With the characteristics of low salary and relaxed legal regulations, the employment of interns are becoming more and more popular with companies. The employment of interns not only helps the company find new talent, but also reduces labor costs.
With the development of international exchanges and cooperation, foreign interns, as well as domestic ones, are readily available. However, it is critical to note that the taking-on of interns is not 100 % risk-free. On the basis of existing related policies, this passage will give you some suggestions on "How to Hire Foreign Interns Legally" combined with a real case concerning the illegal employment of foreign intern by a company.
In April 2014, A (a foreign student studying in a foreign university) and Company B agreed on a short-term internship in Company B.
Company B issued the "Invitation Letter" and a "Invitation Letter of Guarantee", with which A successfully applied for an X2 visa (X2 visa: issued to those who apply for short-term study in China). She subsequently travelled to China for the internship. However, there was no internship agreement between the parties.
During the internship, Company B undertook the cost of rent and round-trip tickets for A, and provided internship allowance to cover A's commute and meals (around 1000RMB). In September 2014, the local public security organ investigated and confirmed the illegal employment of foreigners by Company B, and gave Company B the corresponding administrative penalty.
Opinion of the Company
Company B thought public security organ's determination of face was wrong, arguing that there was no employment relationship between the parties, thus were not guilty of employing foreigners illegally.
In Company B's opinion, A was a student, whose time at Company B was part of her studies, as opposed to actual work. Notwithstanding, they also argued that it would have been impossible for the embassy to issue the X2 visa to A, according to the "Invitation Letter" and the "Invitation Letter of Guarantee" provided, if the purpose of A's time at Company B was to work.
Furthermore, Company B did not consider A was one of its s staff and accordingly, did pay a salary. The 1000RMB A received monthly was an internship allowance, rather than salary, Company B making this assertion according to the fact that, if the money was to be regarded as a salary, it is much lower than the minimum wage standard required by Shanghai regulations.
Judgement of the Court
The court: According to Article 41 "Exit and Entry Administration Law of the People's Republic of China", Foreigners who work in China shall obtain work permits and work-type residence permits in accordance with relevant regulations. No entities or individuals shall employ foreigners who have no work permits or work-type residence permits. Article 43: Any of the following acts of foreigners shall be deemed unlawful employment: (1) Work in China without obtaining work permits or work-type residence permits in accordance with relevant regulations.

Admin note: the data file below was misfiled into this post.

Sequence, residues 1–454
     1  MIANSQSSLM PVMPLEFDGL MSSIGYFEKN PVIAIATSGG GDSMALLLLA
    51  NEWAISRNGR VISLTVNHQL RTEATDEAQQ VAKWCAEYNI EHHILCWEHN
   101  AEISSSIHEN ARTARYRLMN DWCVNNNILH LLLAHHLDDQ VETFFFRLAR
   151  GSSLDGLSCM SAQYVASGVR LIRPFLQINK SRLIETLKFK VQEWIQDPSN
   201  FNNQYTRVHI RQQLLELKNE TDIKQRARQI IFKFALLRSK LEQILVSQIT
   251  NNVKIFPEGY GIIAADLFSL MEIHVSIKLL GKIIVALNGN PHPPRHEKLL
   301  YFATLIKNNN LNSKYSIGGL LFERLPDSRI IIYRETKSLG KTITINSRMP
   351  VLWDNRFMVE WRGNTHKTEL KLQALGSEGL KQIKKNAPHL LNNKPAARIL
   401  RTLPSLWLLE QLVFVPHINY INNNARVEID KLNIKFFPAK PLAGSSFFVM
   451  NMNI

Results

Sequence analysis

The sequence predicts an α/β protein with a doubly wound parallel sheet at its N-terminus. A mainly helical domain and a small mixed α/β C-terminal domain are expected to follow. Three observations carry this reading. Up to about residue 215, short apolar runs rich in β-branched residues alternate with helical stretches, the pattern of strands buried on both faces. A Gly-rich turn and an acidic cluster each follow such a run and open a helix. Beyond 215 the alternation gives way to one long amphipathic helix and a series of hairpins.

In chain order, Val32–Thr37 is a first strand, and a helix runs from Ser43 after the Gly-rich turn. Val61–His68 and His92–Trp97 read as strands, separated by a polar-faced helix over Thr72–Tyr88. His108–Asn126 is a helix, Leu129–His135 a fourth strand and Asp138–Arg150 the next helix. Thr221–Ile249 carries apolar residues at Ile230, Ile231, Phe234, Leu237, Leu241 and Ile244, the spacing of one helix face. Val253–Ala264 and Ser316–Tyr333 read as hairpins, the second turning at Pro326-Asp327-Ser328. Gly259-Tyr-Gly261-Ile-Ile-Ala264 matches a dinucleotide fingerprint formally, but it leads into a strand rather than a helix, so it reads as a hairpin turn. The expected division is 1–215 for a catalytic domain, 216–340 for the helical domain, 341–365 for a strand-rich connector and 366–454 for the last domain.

Despite the fact that A was not in possession of a work permit and a work-type residence permit, Company B still hired A for work with a paying salary, reimbursement of rent and round-trip tickets. This can be regarded as a factual labor relationship, and the payment type or amount have nothing to do with the judgement of illegal employment. Therefore, the administrative penalty made by the public security organ for the illegal employment of foreigners by Company B is clear and correct.
Although this case belongs to administrative litigation, it clearly presents the attitude of the court towards the employment of foreign interns. In the court's opinion, a domestic "internship" (in China) by foreign students studying at a foreign university on a short-term student visa is regarded as illegal employment. Therefore, companies should avoid the risk of illegal employment when hiring foreign interns.
The following paragraphs focus on the current policies of foreign intern employment. The current types of foreign interns mainly include: (1) foreign students studying in domestic universities. (2) foreign students studying in foreign universities.
1. Foreign Students Studying in Domestic Universities.
According to the Article 22, "Regulations of the People's Republic of China on Administration of the Entry and Exit of Foreigners", where a foreigner holding a residence permit for study intends to engage in off-campus work-study or internship, he or she shall, upon the approval of the school, apply to the exit and entry administration authority of the public security organ to have such information as the location and duration of the work-study program or internship placement specified in his or her residence permit. A foreigner holding a residence permit for study shall not engage in any off-campus work-study or internship unless the information prescribed in the preceding paragraph is specified in his or her residence permit.
It can be seen that the current law does not prohibit companies from hiring foreign students studying in domestic universities, but there are three pre-conditions: (1) the intern is a student in domestic university who has not yet graduated; (2) the internship should be approved by the university; (3) the intern shall have such information as the location and duration of the work-study program or internship placement specified in his or her residence permit.